A spokesman for the U.S. Embassy in Seoul had declined to comment on the banner, as photographs of it were splashed over front pages of several South Korean newspapers Monday.
South Korea has experienced a small but significant wave of support for the anti-racism campaign, from citizen activists to K-pop stars.
A week before the banner went up, about 100 demonstrators marched through downtown Seoul, holding slogans such as "Koreans for Black Lives Matter" and "Stop state violence against the people."
The rally's organizer, Shim Ji-hoon, said earlier that the U.S. Embassy's move struck him as "a pleasant surprise."
"While I welcome the Seoul Embassy's show of solidarity, I cannot but see an irony here," he said. "It makes me question, are American diplomats in Seoul breaking away from President Trump?"
Harris has been one of the most outspoken diplomats on the issue of racial injustice, often citing his personal history.
Earlier this month, he tweeted a photo of protesters outside the Seoul Embassy who were parading with the slogan, "US imperialism means 'I can't breathe!' "
Harris said in his tweet, "I disagree w/ these protesters but respect their right to peacefully protest here in democratic ROK," referring to the Republic of Korea, the official name of South Korea.
"I am deeply troubled about the events surrounding the brutal killing of George Floyd in Minnesota and the ongoing aftermath," he said in a statement attached to the tweet. " . . . As an Asian American who was reared in the segregated South of the 1960s, I never thought I would see this happening again, especially in the 21st Century."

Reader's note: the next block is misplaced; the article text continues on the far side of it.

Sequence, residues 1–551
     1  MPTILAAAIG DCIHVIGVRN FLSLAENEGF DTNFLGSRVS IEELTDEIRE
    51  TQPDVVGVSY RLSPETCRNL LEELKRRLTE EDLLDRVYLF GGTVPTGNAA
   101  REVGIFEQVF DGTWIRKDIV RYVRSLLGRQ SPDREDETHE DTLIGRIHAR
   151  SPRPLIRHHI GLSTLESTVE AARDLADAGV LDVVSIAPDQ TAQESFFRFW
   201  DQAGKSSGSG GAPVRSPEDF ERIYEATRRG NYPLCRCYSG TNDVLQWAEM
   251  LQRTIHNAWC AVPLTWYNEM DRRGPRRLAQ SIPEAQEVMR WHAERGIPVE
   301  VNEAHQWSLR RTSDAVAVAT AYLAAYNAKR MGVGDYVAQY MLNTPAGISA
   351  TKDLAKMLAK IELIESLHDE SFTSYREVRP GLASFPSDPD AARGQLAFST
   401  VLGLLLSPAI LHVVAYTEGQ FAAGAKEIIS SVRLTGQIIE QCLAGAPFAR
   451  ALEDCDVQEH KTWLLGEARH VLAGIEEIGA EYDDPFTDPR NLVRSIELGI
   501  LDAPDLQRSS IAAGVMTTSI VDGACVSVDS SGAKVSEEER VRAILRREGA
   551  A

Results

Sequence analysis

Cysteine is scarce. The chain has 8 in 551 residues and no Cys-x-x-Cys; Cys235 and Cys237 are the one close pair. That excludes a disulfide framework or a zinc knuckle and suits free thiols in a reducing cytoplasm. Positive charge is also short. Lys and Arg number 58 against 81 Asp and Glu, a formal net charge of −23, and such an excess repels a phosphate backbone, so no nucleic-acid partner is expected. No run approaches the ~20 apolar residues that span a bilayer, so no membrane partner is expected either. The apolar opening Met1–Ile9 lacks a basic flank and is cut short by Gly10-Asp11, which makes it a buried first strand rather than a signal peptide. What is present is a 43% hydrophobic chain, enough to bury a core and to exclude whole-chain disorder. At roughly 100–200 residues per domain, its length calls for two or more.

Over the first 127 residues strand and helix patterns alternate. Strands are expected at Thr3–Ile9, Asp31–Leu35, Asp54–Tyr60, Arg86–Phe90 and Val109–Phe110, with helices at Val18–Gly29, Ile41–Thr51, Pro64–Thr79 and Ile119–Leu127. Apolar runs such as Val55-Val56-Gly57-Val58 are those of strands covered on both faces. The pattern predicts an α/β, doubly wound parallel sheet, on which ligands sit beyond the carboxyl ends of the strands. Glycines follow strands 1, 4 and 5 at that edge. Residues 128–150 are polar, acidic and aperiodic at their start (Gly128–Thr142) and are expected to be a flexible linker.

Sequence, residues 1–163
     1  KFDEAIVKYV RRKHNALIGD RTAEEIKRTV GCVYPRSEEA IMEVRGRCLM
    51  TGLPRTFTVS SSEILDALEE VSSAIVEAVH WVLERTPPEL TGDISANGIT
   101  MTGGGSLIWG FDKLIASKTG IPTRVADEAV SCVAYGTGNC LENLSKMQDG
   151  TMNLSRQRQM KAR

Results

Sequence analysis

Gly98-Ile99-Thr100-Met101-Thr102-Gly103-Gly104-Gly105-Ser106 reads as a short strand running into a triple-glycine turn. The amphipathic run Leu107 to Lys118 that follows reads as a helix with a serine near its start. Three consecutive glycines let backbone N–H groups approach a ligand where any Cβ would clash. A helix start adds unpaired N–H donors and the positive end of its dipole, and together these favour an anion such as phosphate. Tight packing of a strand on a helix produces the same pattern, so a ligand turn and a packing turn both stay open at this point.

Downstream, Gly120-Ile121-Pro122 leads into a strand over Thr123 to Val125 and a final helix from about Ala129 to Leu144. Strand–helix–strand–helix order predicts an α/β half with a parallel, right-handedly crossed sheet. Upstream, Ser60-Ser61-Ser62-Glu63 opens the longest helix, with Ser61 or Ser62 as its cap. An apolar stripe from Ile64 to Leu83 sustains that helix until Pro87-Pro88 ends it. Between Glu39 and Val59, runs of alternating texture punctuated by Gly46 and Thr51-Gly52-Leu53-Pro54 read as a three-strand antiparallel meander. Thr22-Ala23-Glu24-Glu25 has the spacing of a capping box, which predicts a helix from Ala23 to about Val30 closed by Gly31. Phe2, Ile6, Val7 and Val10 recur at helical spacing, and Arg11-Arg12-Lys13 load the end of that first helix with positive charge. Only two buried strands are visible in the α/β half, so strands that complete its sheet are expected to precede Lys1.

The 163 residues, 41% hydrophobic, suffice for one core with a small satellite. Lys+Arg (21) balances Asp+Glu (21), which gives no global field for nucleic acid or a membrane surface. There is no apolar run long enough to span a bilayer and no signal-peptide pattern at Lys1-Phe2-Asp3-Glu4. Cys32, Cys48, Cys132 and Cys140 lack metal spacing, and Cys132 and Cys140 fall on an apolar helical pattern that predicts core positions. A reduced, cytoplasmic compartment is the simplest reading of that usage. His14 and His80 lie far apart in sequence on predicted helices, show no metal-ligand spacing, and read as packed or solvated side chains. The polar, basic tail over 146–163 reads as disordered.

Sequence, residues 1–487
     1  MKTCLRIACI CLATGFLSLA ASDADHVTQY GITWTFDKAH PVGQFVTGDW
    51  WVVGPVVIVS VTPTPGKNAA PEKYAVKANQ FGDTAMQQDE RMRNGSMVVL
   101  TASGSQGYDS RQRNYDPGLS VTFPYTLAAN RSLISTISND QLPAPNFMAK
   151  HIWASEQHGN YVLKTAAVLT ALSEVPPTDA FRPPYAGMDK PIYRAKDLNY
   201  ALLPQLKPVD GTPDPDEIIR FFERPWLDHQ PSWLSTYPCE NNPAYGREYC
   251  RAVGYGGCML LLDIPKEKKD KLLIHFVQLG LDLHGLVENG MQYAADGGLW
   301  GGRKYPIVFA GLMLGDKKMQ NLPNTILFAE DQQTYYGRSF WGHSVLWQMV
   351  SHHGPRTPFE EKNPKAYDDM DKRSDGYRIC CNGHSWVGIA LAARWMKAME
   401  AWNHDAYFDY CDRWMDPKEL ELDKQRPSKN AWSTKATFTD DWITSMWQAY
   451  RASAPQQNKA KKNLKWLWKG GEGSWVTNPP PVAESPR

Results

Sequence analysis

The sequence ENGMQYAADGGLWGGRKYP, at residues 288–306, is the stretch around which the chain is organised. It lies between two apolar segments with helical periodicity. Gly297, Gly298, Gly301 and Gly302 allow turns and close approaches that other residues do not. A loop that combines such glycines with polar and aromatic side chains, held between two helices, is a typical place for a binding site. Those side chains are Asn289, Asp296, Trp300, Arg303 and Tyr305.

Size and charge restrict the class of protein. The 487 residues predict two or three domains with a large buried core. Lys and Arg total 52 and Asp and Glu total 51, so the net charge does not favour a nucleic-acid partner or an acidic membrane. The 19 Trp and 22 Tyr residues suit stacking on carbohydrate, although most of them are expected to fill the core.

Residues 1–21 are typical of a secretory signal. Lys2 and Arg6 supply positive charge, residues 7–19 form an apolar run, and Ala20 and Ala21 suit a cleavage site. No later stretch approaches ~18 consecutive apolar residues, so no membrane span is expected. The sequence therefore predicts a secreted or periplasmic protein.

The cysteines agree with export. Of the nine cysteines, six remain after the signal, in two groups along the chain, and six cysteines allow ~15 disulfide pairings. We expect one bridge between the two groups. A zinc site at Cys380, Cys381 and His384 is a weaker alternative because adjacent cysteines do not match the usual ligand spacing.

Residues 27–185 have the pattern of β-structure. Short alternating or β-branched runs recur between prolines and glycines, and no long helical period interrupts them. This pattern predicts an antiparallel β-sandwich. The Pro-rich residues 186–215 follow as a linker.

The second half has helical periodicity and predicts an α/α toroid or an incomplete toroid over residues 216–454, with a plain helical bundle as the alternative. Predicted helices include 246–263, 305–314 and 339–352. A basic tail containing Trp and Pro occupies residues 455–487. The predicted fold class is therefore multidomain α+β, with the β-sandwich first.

As the protests against police violence, sparked by the killing of George Floyd in Minneapolis last month, have spread across the United States and the world, diplomats have faced sometimes uncomfortable questions from their counterparts and governments in the countries where they work.
Embassies have found a variety of ways to address the issue, some subtle and some blunt.
The U.S. Embassy in South Africa has posted the hashtag #BlackLivesMatter on its Web page above a quote from U.S. Attorney General William Barr.
"The outrage of our national community about what happened to George Floyd in Minneapolis is real and legitimate," Barr said, in part. "Accountability for his death must be addressed. . . . Justice will be served."
The U.S. Embassy in Nigeria saluted local protesters who marched on embassies in the region.
"They join many Americans who are similarly outraged by what transpired and we have seen them express their shock, grief, frustration, and anger in many parts of the United States," said a statement on the embassy website. "We in the U.S. Mission are not immune to these feelings and like the Secretary of State we find the actions that led to the death of Mr. Floyd abhorrent. His death was a tragedy and never should have happened."
Pompeo recently expressed his personal condolences to the Floyd family in a Fox News interview, calling the actions of the police officer who put his knee on Floyd's neck "abhorrent." But he has not spoken about the broader issue of inequality in the United States.
This is the second year that embassy actions were perceived as political in nature.
Last year, Pompeo ordered embassies not to hoist rainbow flags during Pride Month on the same flagpoles used to fly the U.S. flag. Many embassies host pride events to show support for LGBT rights, particularly in countries where discrimination is rampant. Some embassies bathed their embassies in multi-colored lights or flew rainbow flags.
After Pompeo's order, some embassies — including the mission in Seoul — hung rainbow flags from the facades or posted photos from previous years showing them flying prominently outside. Pompeo took no action against those displays.